”We definitely increased our visibility,” Hightstown Police Director James LeTellier said in March.
According to Mr. LeTellier, the department did over 104 patrols in February.
”We are expanding our community policing,” Mr. LeTellier added.
”I have gotten nothing but positive feedback back from staff and the principal about the officers,” Mr. LeTellier said. “The younger kids have been asking to take pictures with the officers and asking them different types of questions so it’s very positive feedback.”
”I have not heard too much except for a few parents commenting favorably when seeing police in the vicinity,” said Dr. Forsthoffer in a March email.
”We started this after Connecticut (shooting),” Mr. LeTellier said.
Dr. Forsthoffer reiterates there has always been a police presence.
”Actually, it has always existed because the school district has had a very positive and proactive relationship with both police forces,” Dr. Forsthoffer said in March.
Dr. Forsthoffer spoke with Mr. LeTellier and Chief James Monahan of the East Windsor Police Department after the Connecticut shootings and invited them to visit the schools when they are in the area, according to Dr. Forsthoffer.
To Chief Monahan, school safety has always been a “high priority.”
According to Walter C. Black Principal Heidi Franzo this is “really nothing new.”
”The officers are not patrolling the schools, rather visiting the school or grounds,” said Principal Franzo said in a March email. “By visiting the schools they are familiar with the building, structure and layout. They interact with faculty and students and both are more comfortable with their (visits) and presence.”
”The Police Department has conducted school zone enforcement assignments at each of the schools located within the township,” Chief Monahan said. “School zone enforcement involves the presence of a uniformed police officer on school property at a point during the school day.”
According to Dr. Forsthoffer, this “identified a couple of breaches” since the Connecticut incident and the district has “remedied” the issues.
The East Windsor Township Police Department coordinates periodic training within school district facilities to remain familiar with structures and operations. Specific training details are ordinarily not discussed publicly, according to Chief Monahan.
Principal Silvana Zircher of the Ethel McKnight Elementary School agreed with other principals in the school district that there is a “positive and proactive relationship” with the local police department.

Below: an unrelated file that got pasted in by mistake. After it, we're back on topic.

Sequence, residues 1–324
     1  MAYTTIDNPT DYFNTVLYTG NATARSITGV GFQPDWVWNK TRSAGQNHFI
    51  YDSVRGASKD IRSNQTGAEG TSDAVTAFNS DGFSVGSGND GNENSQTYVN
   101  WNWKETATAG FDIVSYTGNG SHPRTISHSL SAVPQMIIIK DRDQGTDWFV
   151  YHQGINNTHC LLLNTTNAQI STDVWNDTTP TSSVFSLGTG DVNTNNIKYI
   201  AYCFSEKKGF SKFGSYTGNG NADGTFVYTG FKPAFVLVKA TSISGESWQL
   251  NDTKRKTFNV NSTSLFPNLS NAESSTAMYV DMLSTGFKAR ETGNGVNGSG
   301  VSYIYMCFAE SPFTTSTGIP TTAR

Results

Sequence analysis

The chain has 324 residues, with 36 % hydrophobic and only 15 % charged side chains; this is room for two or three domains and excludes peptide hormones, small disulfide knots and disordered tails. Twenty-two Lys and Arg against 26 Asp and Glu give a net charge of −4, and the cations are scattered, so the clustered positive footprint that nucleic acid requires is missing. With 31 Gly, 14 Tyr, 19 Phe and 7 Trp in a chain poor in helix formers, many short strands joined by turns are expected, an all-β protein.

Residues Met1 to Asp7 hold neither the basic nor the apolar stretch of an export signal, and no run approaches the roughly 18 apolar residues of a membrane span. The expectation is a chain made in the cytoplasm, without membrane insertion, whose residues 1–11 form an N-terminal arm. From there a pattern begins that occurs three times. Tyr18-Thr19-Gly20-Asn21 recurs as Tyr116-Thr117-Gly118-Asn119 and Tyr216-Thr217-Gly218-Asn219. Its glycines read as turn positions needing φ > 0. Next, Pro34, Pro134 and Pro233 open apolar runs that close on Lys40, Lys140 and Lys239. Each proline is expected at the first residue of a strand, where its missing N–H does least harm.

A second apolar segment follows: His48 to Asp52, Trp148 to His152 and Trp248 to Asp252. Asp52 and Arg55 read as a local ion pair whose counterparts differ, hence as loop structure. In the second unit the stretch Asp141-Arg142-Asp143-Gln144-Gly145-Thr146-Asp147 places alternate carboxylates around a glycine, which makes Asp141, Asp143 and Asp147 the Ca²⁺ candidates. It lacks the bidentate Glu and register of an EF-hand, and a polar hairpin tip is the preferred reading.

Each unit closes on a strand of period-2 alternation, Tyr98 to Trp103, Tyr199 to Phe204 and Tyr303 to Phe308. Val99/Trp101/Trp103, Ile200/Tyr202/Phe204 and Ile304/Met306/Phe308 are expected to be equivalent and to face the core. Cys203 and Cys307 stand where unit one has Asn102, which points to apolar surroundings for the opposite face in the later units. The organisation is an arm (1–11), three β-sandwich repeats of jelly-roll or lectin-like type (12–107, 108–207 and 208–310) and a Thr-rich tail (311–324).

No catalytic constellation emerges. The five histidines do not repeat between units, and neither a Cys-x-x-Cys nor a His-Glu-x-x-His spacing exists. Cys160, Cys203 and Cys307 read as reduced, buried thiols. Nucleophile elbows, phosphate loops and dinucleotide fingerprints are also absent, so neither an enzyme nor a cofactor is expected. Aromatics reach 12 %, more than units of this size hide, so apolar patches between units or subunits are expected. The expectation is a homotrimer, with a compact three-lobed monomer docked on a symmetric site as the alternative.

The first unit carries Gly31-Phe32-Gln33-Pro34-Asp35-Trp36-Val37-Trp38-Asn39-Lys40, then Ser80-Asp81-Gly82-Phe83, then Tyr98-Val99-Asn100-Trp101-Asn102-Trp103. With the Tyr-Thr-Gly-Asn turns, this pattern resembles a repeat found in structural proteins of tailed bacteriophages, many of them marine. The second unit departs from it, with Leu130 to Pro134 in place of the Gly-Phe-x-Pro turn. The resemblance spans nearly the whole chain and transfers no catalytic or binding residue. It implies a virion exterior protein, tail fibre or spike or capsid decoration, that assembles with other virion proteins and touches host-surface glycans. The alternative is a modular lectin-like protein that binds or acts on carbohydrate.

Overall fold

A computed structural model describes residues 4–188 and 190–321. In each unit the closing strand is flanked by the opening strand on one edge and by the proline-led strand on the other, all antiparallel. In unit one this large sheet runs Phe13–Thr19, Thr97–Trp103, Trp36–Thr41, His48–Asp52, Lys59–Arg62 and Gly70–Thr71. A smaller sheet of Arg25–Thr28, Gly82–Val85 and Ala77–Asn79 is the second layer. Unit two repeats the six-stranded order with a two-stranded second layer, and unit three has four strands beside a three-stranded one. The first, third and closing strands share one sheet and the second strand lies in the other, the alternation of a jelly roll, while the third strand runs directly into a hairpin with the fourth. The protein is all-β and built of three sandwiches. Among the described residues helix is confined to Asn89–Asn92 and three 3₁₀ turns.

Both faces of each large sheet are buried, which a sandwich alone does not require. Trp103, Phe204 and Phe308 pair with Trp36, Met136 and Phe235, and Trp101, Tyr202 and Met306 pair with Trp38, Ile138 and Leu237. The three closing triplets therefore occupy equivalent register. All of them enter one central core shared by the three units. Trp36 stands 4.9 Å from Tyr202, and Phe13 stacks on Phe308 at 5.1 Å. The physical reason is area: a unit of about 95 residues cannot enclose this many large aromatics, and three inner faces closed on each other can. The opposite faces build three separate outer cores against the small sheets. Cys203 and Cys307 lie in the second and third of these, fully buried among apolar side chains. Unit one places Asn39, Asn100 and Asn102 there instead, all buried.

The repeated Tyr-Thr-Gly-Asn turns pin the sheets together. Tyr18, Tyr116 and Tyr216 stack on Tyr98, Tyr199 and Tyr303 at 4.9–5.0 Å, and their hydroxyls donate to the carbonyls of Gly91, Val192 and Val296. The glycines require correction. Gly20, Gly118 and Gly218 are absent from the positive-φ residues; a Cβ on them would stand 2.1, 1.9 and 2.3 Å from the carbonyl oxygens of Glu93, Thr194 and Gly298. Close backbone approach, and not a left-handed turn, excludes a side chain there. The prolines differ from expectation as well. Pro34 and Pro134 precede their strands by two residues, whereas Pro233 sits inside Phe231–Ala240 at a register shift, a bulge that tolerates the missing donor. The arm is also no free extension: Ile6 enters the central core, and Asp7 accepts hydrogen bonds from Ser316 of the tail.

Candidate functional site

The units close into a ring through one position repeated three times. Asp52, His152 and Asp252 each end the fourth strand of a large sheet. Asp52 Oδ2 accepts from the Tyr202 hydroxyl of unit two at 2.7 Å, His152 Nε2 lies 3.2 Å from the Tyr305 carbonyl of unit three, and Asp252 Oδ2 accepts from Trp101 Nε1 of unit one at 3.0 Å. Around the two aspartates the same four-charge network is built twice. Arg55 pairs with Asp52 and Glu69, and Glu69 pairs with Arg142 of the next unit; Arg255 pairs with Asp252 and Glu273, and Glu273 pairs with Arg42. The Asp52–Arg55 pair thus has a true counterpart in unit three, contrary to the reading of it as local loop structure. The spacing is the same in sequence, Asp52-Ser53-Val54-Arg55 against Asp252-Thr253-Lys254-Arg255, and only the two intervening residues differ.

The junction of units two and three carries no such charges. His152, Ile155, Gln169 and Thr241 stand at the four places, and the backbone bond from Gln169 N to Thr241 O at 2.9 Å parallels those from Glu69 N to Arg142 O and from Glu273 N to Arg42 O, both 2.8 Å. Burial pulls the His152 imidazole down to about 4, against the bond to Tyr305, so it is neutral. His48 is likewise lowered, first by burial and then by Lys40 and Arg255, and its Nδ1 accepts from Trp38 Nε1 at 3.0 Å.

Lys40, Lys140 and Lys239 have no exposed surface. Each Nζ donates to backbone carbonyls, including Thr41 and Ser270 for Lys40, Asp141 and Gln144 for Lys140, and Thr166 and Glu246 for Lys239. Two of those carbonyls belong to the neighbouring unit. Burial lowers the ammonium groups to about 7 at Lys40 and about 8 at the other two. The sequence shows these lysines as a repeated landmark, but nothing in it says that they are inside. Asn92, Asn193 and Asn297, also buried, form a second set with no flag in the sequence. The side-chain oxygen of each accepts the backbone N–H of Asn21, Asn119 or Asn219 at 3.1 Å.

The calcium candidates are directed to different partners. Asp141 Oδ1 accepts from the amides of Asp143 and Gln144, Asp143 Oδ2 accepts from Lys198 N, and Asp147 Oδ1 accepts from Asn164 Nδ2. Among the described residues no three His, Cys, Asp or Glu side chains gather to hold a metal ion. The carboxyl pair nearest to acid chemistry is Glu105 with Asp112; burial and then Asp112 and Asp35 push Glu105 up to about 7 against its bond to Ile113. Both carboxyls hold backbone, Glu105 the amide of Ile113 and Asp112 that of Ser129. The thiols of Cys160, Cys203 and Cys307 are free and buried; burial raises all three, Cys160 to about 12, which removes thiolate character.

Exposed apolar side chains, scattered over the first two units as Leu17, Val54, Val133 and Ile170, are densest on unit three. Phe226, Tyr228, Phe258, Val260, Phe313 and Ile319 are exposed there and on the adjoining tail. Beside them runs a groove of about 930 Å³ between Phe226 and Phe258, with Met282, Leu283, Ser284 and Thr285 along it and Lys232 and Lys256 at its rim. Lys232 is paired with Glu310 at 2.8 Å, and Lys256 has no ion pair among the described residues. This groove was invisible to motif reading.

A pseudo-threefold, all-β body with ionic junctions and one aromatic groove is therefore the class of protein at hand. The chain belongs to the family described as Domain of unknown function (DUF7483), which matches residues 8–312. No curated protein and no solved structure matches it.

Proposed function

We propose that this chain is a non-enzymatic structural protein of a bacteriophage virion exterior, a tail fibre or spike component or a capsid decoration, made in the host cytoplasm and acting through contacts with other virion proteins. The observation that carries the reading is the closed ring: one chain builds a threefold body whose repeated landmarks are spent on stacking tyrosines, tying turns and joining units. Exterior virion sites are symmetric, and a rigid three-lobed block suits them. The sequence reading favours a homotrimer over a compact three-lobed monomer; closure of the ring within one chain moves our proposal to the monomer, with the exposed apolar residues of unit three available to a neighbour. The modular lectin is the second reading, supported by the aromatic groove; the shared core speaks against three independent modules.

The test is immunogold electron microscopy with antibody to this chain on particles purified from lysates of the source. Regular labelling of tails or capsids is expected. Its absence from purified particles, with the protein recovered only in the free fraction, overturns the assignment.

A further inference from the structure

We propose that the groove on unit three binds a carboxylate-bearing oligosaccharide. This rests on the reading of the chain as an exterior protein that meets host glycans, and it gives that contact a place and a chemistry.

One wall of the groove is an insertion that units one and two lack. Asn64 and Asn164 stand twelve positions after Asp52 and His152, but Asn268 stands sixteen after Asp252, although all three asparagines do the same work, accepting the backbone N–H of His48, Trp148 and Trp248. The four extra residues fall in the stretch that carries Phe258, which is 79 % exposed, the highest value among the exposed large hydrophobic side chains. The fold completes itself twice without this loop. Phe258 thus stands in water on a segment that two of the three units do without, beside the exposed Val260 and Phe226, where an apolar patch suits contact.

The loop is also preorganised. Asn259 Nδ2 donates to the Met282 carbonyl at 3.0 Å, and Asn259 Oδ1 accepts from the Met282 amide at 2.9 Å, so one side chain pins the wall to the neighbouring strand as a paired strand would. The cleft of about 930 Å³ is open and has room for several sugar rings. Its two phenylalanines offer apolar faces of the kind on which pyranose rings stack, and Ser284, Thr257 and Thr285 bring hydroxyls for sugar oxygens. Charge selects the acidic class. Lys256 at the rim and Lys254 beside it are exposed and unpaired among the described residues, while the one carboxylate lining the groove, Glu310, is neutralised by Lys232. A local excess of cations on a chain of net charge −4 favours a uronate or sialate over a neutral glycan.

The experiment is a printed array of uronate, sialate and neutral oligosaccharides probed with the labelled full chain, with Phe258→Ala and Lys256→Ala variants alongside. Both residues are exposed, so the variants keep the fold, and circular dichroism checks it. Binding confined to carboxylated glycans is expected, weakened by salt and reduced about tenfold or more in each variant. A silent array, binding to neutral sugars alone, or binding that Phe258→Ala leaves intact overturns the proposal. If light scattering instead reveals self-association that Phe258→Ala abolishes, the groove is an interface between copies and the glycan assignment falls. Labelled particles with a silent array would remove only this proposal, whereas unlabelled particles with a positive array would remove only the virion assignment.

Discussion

”Yes we are aware of the Homeland Security visits but we have not received one as of this time,” Dr. Forsthoffer said recently.
According to the memo, the state will conduct a small number of unannounced school visits by staff from the Department of Education and Homeland Security.
The visits have two goals: provide targeted support to individual schools and, share information learned with others across the state to support their collective effort, according to the memo.
”I met with the superintendent and the principal of the high school (Alix Arvizu) about several issues and addressed the concern for safety of the children and what we could do to help improve safety overall,” said Mr. LeTellier in March.
”The Hightstown Police Department and Hightstown High School/East Windsor Regional School District have enjoyed a very good working relationship throughout my seven-year tenure here,” said Principal Arvizu on April 1.
”Dr. Forsthoffer and I met with Director LeTellier and Lt. (Frank) Gendron on March 6 to discuss, among other topics, school security,” Principal Arvizu added.
According to Principal Arvizu, the officers stop at a security booth and then walk through the entire building.
”Frequently, patrol cars ride through the parking lots and the surrounding neighborhoods as well,” Principal Arvizu added. “It is comforting to know that every community resource available, from within the school and from without, is being employed to help to keep us all safe.”
According to Principal Arvizu, Principal LeTellier suggested having “police presence” on the high school campus.
”While we are a small department, we cannot commit a full-time officer as school resource officer,” Mr. LeTeller said. “I’ve worked out where each officer during their shift has to visit and patrol each of the schools.”
According to Mr. LeTellier, these patrols are “random” and occur at no designated times throughout the officers’ shift. The patrols can overlap and can also occur during any free time the officers may have.
Officers — two to four throughout the day are on shift — patrol the Hightstown High School, Walter C. Black and the Grace N. Rogers schools, including after-school activities. In addition to the patrols on duty, the detectives in unmarked cars will also monitor the schools as well as the special class officers, according to Mr. LeTellier.
”They visit not only with the administration and staff members but with the children,” Mr. LeTellier said.
”We are there to just add security to the school system and work with the administration to be a deterrent,” Mr. LeTellier said. “Our officers are trained to look for suspicious activities or anybody that sticks out and with the cooperation of the school staff, we can easily respond to a particular situation.”